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Understanding Sleep And Its Impact On Your Life


According to Wikipedia, Sleep is a naturally recurring state of mind and body. During this state, there is

  • Altered consciousness
  • Inhibited sensory activity
  • Reduced muscle activity
  • Decreased ability to respond to stimuli

What Happens During Sleep


Sleep accounts for ¼ to 1/3 of the human lifespan. It would make sense to at least understand what happens while we sleep. Sleep is divided into non-REM sleep and REM sleep. REM stands for Rapid Eye Movement.

Non-REM Sleep: This consists of 4 stages

1st Stage: This happens between being awake and falling asleep

2nd Stage: This stage involves light sleep. The heart rate and breathing are regulated and there is a drop in body temperature

3rd and 4th Stage is deep sleep.

New data suggests that non-REM is the more important sleep for memory and learning.

REM sleep: During this stage, your eyes are engaged in rapid movement from side to side under closed eyelids.

  • Brain activity is elevated, heart rate increases
  • Dreams are most common during this phase
  • Memory is processed and stored during this phase
  • Tends to occur late at night into the early morning

One cycle of REM and non-REM lasts about 90 mins.

Circadian Clock Rhythm

This is an internal clock that alerts the body when it’s about to sleep. Circadian clocks are found in the brain and other organs. They are triggered by daylight(alertness) and darkness (drowsiness). They can also be triggered by stimulants such as caffeine, alcohol, and energy drinks.

Why Are You Not Falling Asleep?

Insufficient sleep can lead to attention and behavioral problems. Sleep helps to process your thoughts from the day as well as store memories. Lack of good sleep can impair memory, and increase irritability, and anxiety.

Bad sleeping habits include
  • Looking at phone screens, and computer screens late at night
  • Drinking caffeinated or alcoholic beverages at night.
  •  Not following a regular sleep schedule
  •  Sleeping in an environment that is too noisy
  •  Drastic changes to the body’s natural circadian clock (people that work night shifts)
  • Having a sleep disorder e.g., Sleep apnea, insomnia, restless leg syndrome
  • Medical conditions such as heart, lung, or kidney issues can impair sleep over a long period of time
  • Chronic pain
Sleep Deficiency

Sleep Deficiency is a condition in which your body has gone continuously without sleep. It is a state in which you cannot make up lost hours. Sleep deficiency can increase the risk of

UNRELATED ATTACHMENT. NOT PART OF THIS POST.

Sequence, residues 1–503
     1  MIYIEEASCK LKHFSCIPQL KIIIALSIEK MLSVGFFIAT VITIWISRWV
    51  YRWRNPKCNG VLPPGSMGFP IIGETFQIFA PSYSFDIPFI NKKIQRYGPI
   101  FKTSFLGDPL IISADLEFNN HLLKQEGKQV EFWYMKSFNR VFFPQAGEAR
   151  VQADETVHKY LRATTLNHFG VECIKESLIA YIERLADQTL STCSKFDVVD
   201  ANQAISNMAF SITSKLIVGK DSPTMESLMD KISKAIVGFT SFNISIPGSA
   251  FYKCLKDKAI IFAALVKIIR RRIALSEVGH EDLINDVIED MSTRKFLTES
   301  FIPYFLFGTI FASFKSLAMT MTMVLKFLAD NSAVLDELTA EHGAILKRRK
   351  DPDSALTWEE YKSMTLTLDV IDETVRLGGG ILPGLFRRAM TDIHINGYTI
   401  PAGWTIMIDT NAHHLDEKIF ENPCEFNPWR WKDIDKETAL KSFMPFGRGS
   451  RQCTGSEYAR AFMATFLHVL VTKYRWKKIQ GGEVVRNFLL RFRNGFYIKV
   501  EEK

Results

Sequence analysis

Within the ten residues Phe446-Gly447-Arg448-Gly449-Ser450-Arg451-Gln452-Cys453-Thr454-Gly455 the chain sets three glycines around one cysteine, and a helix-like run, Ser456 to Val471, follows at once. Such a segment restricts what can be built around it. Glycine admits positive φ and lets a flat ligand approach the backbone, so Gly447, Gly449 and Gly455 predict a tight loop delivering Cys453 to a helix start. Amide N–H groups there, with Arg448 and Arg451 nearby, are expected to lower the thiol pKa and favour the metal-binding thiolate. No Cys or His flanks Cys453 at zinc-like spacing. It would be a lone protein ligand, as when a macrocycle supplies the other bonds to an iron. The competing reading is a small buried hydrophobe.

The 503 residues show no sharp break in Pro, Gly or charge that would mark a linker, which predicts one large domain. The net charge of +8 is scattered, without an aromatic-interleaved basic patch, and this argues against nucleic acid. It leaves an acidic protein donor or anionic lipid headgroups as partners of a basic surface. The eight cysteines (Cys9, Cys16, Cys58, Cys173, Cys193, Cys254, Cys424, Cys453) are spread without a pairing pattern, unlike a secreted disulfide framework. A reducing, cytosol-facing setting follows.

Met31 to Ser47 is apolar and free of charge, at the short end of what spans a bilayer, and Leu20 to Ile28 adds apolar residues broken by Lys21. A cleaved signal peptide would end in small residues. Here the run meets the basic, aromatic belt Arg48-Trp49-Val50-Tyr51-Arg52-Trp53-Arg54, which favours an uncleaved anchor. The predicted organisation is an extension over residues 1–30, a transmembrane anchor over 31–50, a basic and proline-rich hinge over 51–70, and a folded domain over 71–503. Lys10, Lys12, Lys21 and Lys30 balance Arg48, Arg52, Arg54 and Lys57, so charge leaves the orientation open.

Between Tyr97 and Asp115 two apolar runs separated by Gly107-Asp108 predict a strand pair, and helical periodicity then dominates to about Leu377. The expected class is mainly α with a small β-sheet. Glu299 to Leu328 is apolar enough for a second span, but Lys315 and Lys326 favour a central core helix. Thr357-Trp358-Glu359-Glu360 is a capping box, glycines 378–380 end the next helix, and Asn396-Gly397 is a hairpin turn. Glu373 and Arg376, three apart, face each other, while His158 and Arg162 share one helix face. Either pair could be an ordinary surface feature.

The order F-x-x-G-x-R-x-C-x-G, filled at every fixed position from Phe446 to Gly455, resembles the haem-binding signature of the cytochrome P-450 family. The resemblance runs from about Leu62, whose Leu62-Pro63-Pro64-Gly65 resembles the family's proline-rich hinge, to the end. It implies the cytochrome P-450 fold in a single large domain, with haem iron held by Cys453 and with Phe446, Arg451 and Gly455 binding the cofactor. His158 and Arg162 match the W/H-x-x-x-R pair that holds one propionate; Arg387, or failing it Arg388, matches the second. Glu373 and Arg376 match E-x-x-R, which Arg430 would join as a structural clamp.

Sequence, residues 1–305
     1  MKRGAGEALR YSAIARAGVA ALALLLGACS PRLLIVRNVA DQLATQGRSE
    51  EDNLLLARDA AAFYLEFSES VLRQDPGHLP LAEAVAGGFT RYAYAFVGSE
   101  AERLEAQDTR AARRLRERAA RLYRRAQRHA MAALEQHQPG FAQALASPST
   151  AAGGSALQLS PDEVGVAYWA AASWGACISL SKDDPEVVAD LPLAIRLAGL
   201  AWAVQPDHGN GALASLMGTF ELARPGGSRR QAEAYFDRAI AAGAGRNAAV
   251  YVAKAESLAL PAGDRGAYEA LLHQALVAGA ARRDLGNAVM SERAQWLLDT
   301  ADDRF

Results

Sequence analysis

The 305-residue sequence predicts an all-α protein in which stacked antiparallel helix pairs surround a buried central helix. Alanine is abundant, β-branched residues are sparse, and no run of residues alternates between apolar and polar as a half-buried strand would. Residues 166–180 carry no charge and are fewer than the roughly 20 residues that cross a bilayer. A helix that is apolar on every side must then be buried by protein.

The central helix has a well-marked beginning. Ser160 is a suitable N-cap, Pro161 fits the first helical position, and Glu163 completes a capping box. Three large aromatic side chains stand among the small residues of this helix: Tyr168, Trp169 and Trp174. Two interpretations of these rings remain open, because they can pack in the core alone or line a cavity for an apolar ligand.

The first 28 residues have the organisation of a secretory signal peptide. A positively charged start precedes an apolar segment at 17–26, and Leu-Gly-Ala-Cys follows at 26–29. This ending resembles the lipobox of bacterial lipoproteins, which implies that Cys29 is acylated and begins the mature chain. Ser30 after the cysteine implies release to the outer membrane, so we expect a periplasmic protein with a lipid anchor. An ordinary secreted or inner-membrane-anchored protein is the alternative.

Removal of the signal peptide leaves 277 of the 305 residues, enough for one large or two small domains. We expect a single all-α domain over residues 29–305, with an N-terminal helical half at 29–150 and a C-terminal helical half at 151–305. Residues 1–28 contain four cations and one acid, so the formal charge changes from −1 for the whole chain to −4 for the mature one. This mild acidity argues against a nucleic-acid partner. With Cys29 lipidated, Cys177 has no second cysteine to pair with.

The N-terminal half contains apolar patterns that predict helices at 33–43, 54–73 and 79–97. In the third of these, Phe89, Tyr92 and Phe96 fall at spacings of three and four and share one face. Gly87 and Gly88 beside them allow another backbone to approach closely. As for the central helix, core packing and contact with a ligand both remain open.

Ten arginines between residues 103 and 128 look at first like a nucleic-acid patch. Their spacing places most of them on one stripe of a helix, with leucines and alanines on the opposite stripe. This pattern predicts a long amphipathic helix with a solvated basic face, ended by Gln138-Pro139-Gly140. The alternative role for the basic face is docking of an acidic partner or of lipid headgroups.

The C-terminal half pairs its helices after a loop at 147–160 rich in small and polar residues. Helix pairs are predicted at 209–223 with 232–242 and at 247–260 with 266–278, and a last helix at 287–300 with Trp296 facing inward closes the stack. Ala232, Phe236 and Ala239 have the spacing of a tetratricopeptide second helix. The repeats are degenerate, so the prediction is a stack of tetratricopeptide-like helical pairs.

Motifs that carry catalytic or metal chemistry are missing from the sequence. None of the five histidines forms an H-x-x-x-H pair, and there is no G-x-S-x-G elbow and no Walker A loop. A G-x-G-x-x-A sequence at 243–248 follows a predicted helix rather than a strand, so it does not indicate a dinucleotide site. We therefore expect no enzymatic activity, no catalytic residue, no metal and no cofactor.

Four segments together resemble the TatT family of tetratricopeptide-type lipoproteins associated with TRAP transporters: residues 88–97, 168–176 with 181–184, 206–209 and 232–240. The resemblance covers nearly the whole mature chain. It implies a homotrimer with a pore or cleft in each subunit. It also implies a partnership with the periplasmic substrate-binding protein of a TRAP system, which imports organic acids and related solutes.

• Obesity
  • Diabetes
  • Depression
  • Dementia
How Much Sleep Do We Actually Need

According to the American Academy of Sleep. This table shows how much sleep we need as individuals.

Newborns0-3 months14-17 hours
Infants4-11 months12-16 hours
Toddlers12 months to 2years10-14 hours
Preteens and teenagers5 years to 17 years8 -12 hours
Adults18 -70 years7- 8 hours
Sleep Hygiene Tips
  • Set a sleep schedule and stick to it. Going to bed at the same time and waking up around the same time. This helps to regulate the body’s circadian rhythm.
  • Regular exercise of adequate intensity can promote muscle relaxation
  • Try and avoid large meals 2-3 hours before bed.
  • Avoid caffeinated drinks, coffee, and energy drink 4-6 hours before bedtime.
  • Stop using devices that emit blue light at least an hour before bedtimes such as phones, tablets, and computers.
  • Create a quiet, dark, and relaxing environment for your room.
  • Create a calming bedtime routine such as deep breathing exercises, light yoga, and listening to deep soothing, and relaxing music.
  • Reduce your daytime naps
What To Do If You Can’t Sleep

There are times when you are going to be unable to fall asleep. It may happen once or it may become a common occurrence. Keeping a sleep diary can help you track your sleep and learn about your sleep pattern. This is what you track when you keep a sleep diary.

  •  The Time you went to bed
  • The time you fell asleep (if known)
  • How many times did you wake up in the night?
  • The time you woke up in the morning
  • How many naps did you take during the day and how long did they last?
  • Medications used if any
  • How much caffeine or alcohol do you consume?
  • What exercises did you do?
  • Did your day at work have an adverse effect on your sleep?
Why Need Good Sleep
  • Having a good sleep schedule can help you maintain or lose weight. It is advised when you start doing weight resistance training that you get at least 8 hours of sleep.
  • It can maximize athletic and sexual performance.
  • Having a good sleep aid in strengthening the heart
  • It helps build a strong immune system.
  • Poor sleep is linked to depression
  • Poor sleep affects emotions and social interactions
  • Improves concentration and productivity


Sleep is the most restorative function of our body when the circadian rhythm is on your side. In today’s world of modern technology such as tablets, computers, and smartphones it’s easy to be both tempted and afflicted by these devices leaving you sleep-deprived. The best way to avoid this dilemma is by developing a sound sleep hygiene routine to improve your overall sleeping habits.

As a baby grows, it’s impossible for them to manage their time, and schedule the amount of sleep that is necessary for their well-being (I mean they are babies). So, it is important for parents to help children develop healthy sleeping habits by setting up proper sleep hygiene practices, following which your child can fall asleep on his own and will have no problem staying asleep through the night.

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